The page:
Everyone is worried about the global economy, and many are afraid that the U.S. electronic design and manufacturing industry is facing dire straights. To those who worry, I say that the primary American electronic markets are amongst the most economically stable places in this crisis, and have some of the most innovative and creative engineers in the world. We are not only going to weather this mess, we will be at the heart of the resurgence and recovery of the American economy.
We had our market correction at the end of the dot-com bust, with our own rending of garments and gnashing of teeth, so we are more financially prepared for hard times, having recently gone through (with some aftershocks not yet recovered from) them ourselves. We still design excellent devices, and America’s international partnerships continue to generate value for their customers worldwide.
For example, the shift towards being a system-level solutions provider instead of a simple parts manufacturer continues, increasing productivity and the power of multi-disciplinary partnerships is one of the engines of progress that is energizing the industry. Jon Titus and I just returned from the inaugural Renesas Developer’s Conference (look for Jon’s missives from the event in future issues), and there were several hundred engineers there showing their confidence in the market.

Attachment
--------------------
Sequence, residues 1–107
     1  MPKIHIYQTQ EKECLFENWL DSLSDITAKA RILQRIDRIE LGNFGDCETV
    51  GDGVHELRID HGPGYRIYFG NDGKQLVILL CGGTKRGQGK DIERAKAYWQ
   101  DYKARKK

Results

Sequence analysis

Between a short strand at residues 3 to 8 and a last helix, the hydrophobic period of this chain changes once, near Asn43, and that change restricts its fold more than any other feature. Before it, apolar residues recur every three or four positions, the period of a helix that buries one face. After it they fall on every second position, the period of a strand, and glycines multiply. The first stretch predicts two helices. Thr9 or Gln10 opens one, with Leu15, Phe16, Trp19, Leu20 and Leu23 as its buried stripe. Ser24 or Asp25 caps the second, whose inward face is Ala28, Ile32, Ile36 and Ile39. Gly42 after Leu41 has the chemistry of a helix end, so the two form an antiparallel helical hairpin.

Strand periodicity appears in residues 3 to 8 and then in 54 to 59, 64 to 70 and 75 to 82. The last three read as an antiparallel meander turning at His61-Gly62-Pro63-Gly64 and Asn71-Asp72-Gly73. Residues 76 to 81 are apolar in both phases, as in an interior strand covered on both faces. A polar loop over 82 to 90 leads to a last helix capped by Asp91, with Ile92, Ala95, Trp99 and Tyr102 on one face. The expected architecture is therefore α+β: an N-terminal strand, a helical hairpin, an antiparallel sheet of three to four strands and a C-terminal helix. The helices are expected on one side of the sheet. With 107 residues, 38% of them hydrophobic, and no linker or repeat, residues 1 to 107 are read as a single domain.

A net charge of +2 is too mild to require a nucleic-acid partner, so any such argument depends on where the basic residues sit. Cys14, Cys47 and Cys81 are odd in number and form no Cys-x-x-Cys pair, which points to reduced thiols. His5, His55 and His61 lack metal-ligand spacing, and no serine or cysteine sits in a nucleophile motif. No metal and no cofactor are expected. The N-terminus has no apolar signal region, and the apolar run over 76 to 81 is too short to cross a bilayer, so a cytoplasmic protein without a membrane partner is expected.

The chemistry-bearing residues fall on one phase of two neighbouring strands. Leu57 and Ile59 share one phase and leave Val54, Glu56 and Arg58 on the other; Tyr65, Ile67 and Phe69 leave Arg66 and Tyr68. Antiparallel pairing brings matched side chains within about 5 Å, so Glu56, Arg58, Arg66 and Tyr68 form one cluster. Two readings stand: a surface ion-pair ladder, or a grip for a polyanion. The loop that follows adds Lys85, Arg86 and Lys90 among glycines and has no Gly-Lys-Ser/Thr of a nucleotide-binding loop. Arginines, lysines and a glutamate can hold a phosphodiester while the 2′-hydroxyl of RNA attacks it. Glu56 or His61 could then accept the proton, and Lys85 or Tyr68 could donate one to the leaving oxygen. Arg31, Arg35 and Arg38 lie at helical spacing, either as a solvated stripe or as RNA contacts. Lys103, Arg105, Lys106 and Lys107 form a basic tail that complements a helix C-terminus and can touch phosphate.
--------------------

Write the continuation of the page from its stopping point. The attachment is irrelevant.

I had an interesting discussion with Ali Sebt, who runs Renesas’ System LSI and Automotive units, on the importance of collaboration and system-level solutions in this aggressive marketplace. “Engineers need not only the part, but also the development tools and debuggers to use them in their designs. Our most recent poll among our customers put debugging at the top of the list of desired functionality in design software.”
One of the big items among the announcements and demonstrations at the conference was the full availability of Renesas’ SubAtomic Particle Demonstration Platform for their latest generation of MCUs. The kit includes a board, cables, compiler, debug emulator, and embedded workshop software (look for Jon’s report on that in an upcoming issue as well). In addition, the company announced that in coming years their MCUs will be available with on-chip MRAM, enabling truly power-off electronic products.
Speaking of tools, National Semiconductor recently released their Webench upgrades and additions for their sensors, switching synchronous buck controllers, and switching regulators. The nice thing about these new design tools, beyond their utility, is that the user creates the BOM with parts from partner companies to allow for maximum flexibility in their designs. Users can create a power supply with adjustable parameters for cost effectiveness, efficiency, and board space using tools including one for thermal simulation of the circuit.
We can do more as innovators, as well. The success or failure in America’s push for energy independence lies on the shoulders of the design engineering community, and we must rise to the challenge. We must improve and digitize the grid as rapidly as possible, implement energy-saving systems at every level, and increase industry awareness about available solutions. The technologies and devices created will not only help our ecosystem, but will also rejuvenate the U.S. economy and in turn, the world’s.